Review: THE UNICORN Is Quirky But Not So Mythical

the unicorn poster cut

The Unicorn is a new comedy film directed by Robert Schwartzman (brother of Jason Schwartzman and part of the large Coppola film family of Hollywood). The story follows a long-engaged couple over the course of one crazy night as they set out on a quest to rejuvenate their relationship by having a threesome. It debuted at the 2018 South by Southwest Film Festival.

This movie’s premise is pretty straightforward, but surprisingly effective. There are many ways in which this storyline could have gone wrong. The film could have went too raunchy and lost the intelligence. It could have tried to be too highbrow and lost the hilarity. Instead, the movie was able to find a solid balance between the two, with the end result offering both raunchy fun and a thoughtful script.

The film’s humor mostly originates from the awkward situations in which the characters find themselves. Structurally, the movie can be looked at as three vignettes with a prologue and an epilogue. The first two interactions are undoubtedly the funniest. In the first section, there are quite a few funny jokes about millenials. The second vignette offers quite a few laugh-at-loud moments and is even more awkward (in a good way).

the unicorn bar

In the third part of the film, the laughs slow down (but don’t disappear completely), as the focus shifts to the more heartwarming aspects of the story. One may ask, “How does a movie about a couple trying to have a three-way touch your heart?” By the end of the movie, you will be so invested in the relationship at the core of the film that the conflict will be surprisingly impactful and emotional.

An integral part of why this emotion lands is the excellent character development that the movie offers. Both of the leads are very compelling characters that are built using their flaws. Even though their goal seems selfish and potentially unlikable, the way in which the writers handled it turned it into a much more understandable objective. The three important supporting characters are also pretty interesting, complementing the leads well.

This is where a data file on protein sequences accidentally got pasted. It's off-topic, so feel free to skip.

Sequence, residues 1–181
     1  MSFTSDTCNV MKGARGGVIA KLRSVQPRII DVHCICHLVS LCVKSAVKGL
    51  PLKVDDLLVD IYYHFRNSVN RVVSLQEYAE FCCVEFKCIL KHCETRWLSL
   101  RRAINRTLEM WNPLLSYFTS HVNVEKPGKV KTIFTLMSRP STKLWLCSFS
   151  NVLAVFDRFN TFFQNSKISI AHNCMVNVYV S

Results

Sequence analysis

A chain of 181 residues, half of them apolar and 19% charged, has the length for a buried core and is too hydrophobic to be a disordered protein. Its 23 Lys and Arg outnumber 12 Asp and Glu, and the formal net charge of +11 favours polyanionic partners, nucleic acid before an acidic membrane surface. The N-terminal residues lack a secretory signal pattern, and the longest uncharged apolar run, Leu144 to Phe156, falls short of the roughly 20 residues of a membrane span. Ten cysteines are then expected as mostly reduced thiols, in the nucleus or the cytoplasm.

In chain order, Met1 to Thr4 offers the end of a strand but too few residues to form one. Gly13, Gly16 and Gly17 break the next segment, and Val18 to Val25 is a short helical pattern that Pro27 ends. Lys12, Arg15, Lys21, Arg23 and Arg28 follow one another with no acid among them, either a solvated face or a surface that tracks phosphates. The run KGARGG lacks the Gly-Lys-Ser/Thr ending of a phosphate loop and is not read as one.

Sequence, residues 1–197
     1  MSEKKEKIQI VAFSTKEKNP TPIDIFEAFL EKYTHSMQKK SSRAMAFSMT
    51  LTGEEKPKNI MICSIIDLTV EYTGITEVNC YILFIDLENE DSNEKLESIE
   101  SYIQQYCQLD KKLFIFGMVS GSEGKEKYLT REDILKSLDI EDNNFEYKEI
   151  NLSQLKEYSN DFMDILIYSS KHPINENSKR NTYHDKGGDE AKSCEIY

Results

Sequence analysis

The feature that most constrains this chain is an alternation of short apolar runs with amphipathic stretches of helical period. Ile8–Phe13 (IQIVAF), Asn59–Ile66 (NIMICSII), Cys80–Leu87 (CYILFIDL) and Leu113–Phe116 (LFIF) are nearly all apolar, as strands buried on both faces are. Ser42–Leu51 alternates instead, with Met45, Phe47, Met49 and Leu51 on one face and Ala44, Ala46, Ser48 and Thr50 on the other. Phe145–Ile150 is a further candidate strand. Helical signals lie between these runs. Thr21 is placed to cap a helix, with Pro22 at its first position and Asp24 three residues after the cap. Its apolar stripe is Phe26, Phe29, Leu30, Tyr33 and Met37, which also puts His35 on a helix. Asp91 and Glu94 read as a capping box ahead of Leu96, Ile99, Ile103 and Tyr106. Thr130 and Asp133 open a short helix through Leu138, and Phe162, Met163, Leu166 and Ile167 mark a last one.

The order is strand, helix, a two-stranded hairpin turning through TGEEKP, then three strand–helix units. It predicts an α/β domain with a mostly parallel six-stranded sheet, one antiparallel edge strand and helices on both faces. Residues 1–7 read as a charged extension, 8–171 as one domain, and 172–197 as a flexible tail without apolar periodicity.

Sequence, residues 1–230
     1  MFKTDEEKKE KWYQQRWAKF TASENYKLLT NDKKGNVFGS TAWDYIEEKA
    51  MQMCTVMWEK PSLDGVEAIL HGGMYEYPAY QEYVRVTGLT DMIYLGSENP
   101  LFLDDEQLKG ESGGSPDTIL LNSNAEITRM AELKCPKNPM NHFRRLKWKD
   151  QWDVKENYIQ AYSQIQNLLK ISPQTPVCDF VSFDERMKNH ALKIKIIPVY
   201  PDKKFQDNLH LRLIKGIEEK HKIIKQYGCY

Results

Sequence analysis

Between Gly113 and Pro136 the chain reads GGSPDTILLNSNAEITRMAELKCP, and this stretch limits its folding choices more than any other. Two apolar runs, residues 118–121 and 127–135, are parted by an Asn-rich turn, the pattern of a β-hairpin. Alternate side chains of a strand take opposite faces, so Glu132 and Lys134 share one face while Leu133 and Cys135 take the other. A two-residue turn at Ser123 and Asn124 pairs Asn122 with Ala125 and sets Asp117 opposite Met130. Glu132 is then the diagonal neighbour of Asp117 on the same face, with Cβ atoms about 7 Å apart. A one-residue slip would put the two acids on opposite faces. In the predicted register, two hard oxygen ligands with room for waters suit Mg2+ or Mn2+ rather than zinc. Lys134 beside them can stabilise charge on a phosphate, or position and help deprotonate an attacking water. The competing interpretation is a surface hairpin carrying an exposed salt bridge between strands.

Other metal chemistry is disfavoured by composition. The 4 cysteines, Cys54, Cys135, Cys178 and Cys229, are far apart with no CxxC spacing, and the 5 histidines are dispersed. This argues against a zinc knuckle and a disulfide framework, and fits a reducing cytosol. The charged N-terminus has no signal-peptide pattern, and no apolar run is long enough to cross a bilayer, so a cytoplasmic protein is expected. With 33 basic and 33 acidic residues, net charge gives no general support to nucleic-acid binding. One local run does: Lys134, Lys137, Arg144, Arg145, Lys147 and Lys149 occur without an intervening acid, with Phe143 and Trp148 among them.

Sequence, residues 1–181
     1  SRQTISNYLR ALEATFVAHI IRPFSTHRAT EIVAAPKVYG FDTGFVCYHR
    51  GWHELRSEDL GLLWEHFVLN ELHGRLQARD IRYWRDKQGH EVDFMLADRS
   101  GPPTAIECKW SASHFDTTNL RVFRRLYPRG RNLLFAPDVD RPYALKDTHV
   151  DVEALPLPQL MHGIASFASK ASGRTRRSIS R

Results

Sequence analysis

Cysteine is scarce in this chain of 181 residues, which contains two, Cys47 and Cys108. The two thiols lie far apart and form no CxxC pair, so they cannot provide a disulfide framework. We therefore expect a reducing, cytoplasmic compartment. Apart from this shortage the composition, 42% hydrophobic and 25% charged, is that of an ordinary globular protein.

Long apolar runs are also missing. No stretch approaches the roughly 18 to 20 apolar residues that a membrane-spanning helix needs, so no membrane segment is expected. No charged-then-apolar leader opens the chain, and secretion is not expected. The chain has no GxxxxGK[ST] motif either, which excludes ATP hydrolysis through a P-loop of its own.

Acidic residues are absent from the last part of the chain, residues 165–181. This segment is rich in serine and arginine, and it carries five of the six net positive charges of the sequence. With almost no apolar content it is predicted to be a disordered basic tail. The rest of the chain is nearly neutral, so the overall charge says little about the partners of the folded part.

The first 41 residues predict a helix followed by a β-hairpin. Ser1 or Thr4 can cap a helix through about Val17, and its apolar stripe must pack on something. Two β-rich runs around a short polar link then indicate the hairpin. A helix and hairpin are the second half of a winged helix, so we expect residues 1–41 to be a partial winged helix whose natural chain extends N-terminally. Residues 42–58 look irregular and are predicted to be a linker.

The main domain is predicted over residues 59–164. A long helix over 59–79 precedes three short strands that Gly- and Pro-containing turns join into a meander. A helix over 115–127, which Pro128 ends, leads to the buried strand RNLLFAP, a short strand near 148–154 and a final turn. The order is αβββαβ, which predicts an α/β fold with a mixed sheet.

the unicorn couple

The biggest strength that this film has is the quality of its actors. Lauren Lapkus and Nicholas Rutherford have great chemistry together, and they do an excellent job of selling the relationship. Lucy Hale and Beck Bennett are both given a chance to steal the show, though. Hale is alluring and mysterious in her role, and Bennett has some of the funniest moments in the entire movie, slipping into character extremely well.

The film is also well-executed as a whole, although more attention is put on the dialogue, characters, and performances than the visuals. The most interesting aspect of the execution was the production design. The filmmakers did a great job of using the environments to convey the story, especially during the first segment of the movie, in which the character’s apartment reveals a lot about the character.

Overall, The Unicorn was a very interesting film. The premise may put off some, but it isn’t as excessive as you may expect and features some compelling character work.

The Unicorn is now in theaters and available on VOD beginning February 5.

By Sean Boelman

Sean is a film student, aspiring filmmaker, and life-long cinephile. For as long as he can remember, he has always loved film, but he credits the film Pan's Labyrinth as having started his love of film as art. Sean enjoys watching many types of films, although some personal favorite genres include dramatic comedies, romantic comedies, heist films, and art horror.

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